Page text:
JA: Initially I thought it would be easy. I was quickly proven wrong. I came to understand that updating the SAR to include a checkbox for HT/HS would be a long battle and not a short scuffle. I presented at industry conferences and a human rights’ Anti-HT Conference to raise awareness on updating the SAR for an HT checkbox. A major break in the campaign came when I received an opportunity to write for the 23rd Edition of the SAR Activity Review Trends, Tips and Issues. The publication of the article was energizing because it cemented that notion that the financial services industry could drive public policy change. The article raised an enormous amount of industry awareness to my campaign.

AT: What would you describe as the turning point in the campaign for the SAR checkbox for HT/HS?

JA: At an Anti-HT event, I had a few minutes to speak with Congressman Ted Poe (TX) about my efforts to fight HT—specifically with the update to the SAR. Thankfully, Congressman Poe understood my message and encouraged me to continue my efforts. His office put me in touch with his senior legislative representative in Washington, D.C. It took about two years for Congressman Poe to agree to author a letter to FinCEN requesting the SAR to be updated to add a checkbox for HT/HS. In 2015, Congressman Poe’s office sent a letter signed by Congressman Poe and Congresswoman Carolyn B. Maloney (NY) to FinCEN requesting that the SAR be updated for HT. An excerpt of the letter states:

“The current suspicious activity categories, which include fraud, money laundering, and terrorist activity, are sensible and important, but we write today to request that the SAR also include human trafficking. As the agency’s September 2014 guidance notes, financial institutions have a critical role to play in identifying and reporting transactions that may be related to human trafficking and human smuggling. Given the financial aspect of this crime, it is logical and critical to add this category. The addition will help to identify human traffickers and save victims as well as aid in the collection of much needed statistics of this widespread crime.”

I thought that when Congressman Poe’s letter went to FinCEN, the update would soon follow. The Congressman’s letter resulted in no immediate response from FinCEN. It was only after my continued requests for the Congressman’s office to follow up with FinCEN that FinCEN provided various reasons why the SAR form would not be updated.

I understand the value of accurate reporting of the horrific crimes of HT and HS; thus, I was not deterred by this setback.

While I was working with Congressman Poe’s office, I was simultaneously emailing the President through In June 2015, a deputy at FinCEN sent an email thanking me, on behalf of the White House, for my work in fighting HT. He invited me to join a conference call with two FinCEN deputies and their subject-matter expert on HT. For 45 minutes we discussed updating the SAR to include the checkbox for HT/HS. They explained the barriers—high cost for the change and no direct request from law enforcement for the update. At the end of the call, both sides had a better understanding of the other side. The discussion did not have the result I was hoping for; however, the cause had gained a lot of notice in the highest reaches of our government. This was the turning point in the campaign—the cause was gaining recognition and being taken seriously.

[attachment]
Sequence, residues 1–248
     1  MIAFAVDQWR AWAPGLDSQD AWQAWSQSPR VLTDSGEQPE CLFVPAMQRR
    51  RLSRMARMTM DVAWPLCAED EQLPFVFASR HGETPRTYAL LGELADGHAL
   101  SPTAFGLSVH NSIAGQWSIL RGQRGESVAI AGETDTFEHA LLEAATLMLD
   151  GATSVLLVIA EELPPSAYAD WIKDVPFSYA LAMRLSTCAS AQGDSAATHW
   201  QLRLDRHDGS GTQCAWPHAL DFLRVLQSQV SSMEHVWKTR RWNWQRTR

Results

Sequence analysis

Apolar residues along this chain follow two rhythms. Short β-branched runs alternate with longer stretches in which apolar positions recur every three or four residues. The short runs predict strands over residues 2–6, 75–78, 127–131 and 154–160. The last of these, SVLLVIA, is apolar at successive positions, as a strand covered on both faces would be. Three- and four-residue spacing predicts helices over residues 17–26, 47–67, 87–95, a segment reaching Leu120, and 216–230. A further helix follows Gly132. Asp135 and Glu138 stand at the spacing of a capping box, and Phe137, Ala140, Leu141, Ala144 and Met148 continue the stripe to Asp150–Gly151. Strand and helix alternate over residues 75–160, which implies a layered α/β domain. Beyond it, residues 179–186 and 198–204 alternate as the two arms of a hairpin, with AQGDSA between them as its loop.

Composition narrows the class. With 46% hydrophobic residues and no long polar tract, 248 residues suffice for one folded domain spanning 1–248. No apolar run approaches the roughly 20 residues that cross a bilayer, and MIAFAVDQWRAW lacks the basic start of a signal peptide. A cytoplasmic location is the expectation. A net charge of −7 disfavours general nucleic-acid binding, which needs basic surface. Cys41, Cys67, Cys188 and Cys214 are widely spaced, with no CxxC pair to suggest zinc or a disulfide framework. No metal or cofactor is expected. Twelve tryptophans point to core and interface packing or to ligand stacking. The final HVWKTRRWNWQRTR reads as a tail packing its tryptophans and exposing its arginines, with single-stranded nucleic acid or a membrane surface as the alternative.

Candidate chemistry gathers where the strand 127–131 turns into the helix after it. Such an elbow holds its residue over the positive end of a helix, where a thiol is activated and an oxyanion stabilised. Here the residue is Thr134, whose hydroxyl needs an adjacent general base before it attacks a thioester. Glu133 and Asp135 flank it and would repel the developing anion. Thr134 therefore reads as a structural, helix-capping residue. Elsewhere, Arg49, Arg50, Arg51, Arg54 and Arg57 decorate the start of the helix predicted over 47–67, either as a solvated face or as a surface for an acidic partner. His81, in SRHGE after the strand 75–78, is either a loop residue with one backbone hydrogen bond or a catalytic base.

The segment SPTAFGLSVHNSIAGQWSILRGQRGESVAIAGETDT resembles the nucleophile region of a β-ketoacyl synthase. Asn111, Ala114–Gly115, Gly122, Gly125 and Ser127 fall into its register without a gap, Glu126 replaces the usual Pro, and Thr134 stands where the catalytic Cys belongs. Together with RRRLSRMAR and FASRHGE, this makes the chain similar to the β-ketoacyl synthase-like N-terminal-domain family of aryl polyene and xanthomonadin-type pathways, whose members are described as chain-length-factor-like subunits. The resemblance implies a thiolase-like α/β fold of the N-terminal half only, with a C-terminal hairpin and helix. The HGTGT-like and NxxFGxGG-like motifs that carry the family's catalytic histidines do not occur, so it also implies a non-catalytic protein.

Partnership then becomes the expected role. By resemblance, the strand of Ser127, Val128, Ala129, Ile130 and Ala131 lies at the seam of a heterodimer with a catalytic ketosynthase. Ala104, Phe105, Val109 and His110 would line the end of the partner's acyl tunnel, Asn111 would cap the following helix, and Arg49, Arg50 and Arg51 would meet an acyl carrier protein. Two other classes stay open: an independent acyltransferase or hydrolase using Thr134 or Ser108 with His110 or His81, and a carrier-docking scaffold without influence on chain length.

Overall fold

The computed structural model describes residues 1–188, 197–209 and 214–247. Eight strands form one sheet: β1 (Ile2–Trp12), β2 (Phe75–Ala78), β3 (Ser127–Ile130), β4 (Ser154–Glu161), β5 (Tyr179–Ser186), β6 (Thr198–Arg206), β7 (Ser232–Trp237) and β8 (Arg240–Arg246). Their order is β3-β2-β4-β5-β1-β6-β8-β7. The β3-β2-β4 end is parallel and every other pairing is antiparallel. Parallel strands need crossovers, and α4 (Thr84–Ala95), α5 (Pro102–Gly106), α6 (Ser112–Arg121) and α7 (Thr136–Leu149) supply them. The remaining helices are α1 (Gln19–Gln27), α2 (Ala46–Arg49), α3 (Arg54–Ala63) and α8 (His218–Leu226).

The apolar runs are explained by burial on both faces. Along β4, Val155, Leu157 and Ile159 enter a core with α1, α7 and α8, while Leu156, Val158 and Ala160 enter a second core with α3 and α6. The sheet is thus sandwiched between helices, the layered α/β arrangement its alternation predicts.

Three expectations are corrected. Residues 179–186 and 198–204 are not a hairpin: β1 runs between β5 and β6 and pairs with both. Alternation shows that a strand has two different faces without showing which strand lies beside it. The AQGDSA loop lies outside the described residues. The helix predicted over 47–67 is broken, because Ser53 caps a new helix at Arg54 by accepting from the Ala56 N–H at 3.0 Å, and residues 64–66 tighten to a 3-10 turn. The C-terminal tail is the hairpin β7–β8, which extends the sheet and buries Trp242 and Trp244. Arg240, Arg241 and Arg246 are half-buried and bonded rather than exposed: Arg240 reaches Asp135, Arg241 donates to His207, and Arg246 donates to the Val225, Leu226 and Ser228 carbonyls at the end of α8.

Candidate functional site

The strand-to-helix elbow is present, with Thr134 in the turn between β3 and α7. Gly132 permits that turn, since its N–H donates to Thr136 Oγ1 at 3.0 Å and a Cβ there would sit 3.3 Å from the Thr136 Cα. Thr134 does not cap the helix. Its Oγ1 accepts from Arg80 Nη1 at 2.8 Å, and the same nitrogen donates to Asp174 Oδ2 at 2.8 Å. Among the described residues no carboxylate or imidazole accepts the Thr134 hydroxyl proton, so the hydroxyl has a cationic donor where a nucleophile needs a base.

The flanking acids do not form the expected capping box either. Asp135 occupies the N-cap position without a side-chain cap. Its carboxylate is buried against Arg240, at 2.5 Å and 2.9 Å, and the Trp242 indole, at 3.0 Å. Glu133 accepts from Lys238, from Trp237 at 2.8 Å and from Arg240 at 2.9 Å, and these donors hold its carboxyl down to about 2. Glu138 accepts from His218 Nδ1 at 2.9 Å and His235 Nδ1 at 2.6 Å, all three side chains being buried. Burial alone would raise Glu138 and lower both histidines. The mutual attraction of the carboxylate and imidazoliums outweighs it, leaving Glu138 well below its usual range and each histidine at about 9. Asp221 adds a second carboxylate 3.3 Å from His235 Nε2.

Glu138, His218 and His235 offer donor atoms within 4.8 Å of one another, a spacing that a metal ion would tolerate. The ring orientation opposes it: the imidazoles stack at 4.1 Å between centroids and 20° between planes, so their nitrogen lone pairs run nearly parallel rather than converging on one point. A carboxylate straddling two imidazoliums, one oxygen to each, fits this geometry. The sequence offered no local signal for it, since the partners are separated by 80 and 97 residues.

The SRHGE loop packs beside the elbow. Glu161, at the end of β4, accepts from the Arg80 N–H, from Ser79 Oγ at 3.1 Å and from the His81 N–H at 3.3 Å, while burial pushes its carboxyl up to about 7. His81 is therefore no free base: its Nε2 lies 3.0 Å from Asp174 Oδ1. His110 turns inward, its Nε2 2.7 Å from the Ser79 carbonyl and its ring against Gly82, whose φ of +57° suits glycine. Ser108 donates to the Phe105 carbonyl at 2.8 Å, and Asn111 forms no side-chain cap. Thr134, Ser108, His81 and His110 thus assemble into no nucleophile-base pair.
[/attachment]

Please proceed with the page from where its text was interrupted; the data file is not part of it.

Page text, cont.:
AT: So, where do you turn when FinCEN declines your request for the checkbox? It seems as if FinCEN’s denial would be a deal-breaker.

JA: I was not discouraged. I kept my campaign on track. I met Congressman Trey Gowdy (SC) and talked to him about updating the SAR for HT. In addition, I continued to reach out to I took every opportunity presented to speak with government officials about updating the SAR form. I even presented the idea to former RNC Chairman Reince Priebus during the Republican National Presidential debate.

I continued the campaign in social media with industry colleagues and the anti-HT community. I also started a Twitter campaign to members of Congress, President Trump and staff. Honestly, I have been laser-focused for the past six years on my mission for the SAR to include a checkbox for HT/HS. No stone was left unturned.

AT: Has your campaign been successful?

JA: The final result is not yet in; however, I am happy to report that on February 2, 2017, FinCEN released proposed revisions to the SAR form,2 which does include the addition of a checkbox for HT/HS.

AT: Thank you for sharing your story. Any closing thoughts?

JA: I am looking forward to the day the “new” SAR form with the HT/HS checkbox is finalized and released. However, the release of the revised SAR form is not the end game. Our work as financial crime investigators in fighting HT continues. We must work together with our partners in law enforcement to raise awareness of HT and HS with the goal to eradicate this horrific crime and rescue the victims. The revised form is not the end of the campaign. It is merely the beginning of a new one.

Interviewed by: Amy Wotapka, CAMS, BSA officer, First American Bank, Vernon Hills, IL, USA,

  1. “Guidance on Recognizing Activity that May Be Associated with Human Smuggling and Human Trafficking—Financial Red Flags,” FinCEN, September 11, 2014,
  2. Federal Register, February 2, 2017,

One comment

  1. I will be presenting at the ACAMS Mid Tennessee Chapter Lunch and Learn Event on December 7th about updating the FinCEN SAR For Human Trafficking. I hope to see all the ACAMS Tennessee members at the event.

    Kind Regards,
    Joann Alicea